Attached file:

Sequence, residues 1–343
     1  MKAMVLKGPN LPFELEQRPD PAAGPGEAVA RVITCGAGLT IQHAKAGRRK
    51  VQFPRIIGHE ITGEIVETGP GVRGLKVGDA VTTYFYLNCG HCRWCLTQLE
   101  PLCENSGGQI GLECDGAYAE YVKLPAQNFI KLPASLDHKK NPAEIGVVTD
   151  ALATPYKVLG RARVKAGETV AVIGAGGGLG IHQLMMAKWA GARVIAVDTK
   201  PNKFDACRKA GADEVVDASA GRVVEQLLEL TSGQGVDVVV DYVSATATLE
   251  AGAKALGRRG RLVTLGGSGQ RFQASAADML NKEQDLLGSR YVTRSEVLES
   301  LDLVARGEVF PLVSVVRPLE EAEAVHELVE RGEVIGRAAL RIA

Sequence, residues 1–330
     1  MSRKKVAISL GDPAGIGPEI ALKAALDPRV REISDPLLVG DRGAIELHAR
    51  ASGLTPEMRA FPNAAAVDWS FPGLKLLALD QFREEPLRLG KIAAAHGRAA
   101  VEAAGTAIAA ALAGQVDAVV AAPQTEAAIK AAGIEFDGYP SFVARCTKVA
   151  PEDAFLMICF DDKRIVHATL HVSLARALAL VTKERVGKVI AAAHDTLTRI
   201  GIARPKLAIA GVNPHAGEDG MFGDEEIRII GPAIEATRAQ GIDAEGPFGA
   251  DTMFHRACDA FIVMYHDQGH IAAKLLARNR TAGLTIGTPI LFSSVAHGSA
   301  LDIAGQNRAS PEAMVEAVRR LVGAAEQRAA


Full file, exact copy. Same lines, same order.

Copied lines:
Sequence, residues 1–343
     1  MKAMVLKGPN LPFELEQRPD PAAGPGEAVA RVITCGAGLT IQHAKAGRRK
    51  VQFPRIIGHE ITGEIVETGP GVRGLKVGDA VTTYFYLNCG HCRWCLTQLE
   101  PLCENSGGQI GLECDGAYAE YVKLPAQNFI KLPASLDHKK NPAEIGVVTD
   151  ALATPYKVLG RARVKAGETV AVIGAGGGLG IHQLMMAKWA GARVIAVDTK
   201  PNKFDACRKA GADEVVDASA GRVVEQLLEL TSGQGVDVVV DYVSATATLE
   251  AGAKALGRRG RLVTLGGSGQ RFQASAADML NKEQDLLGSR YVTRSEVLES
   301  LDLVARGEVF PLVSVVRPLE EAEAVHELVE RGEVIGRAAL RIA

Sequence, residues 1–330
     1  MSRKKVAISL GDPAGIGPEI ALKAALDPRV REISDPLLVG DRGAIELHAR
    51  ASGLTPEMRA FPNAAAVDWS FPGLKLLALD QFREEPLRLG KIAAAHGRAA
   101  VEAAGTAIAA ALAGQVDAVV AAPQTEAAIK AAGIEFDGYP SFVARCTKVA
   151  PEDAFLMICF DDKRIVHATL HVSLARALAL VTKERVGKVI AAAHDTLTRI
   201  GIARPKLAIA GVNPHAGEDG MFGDEEIRII GPAIEATRAQ GIDAEGPFGA
   251  DTMFHRACDA FIVMYHDQGH IAAKLLARNR TAGLTIGTPI LFSSVAHGSA
   301  LDIAGQNRAS PEAMVEAVRR LVGAAEQRAA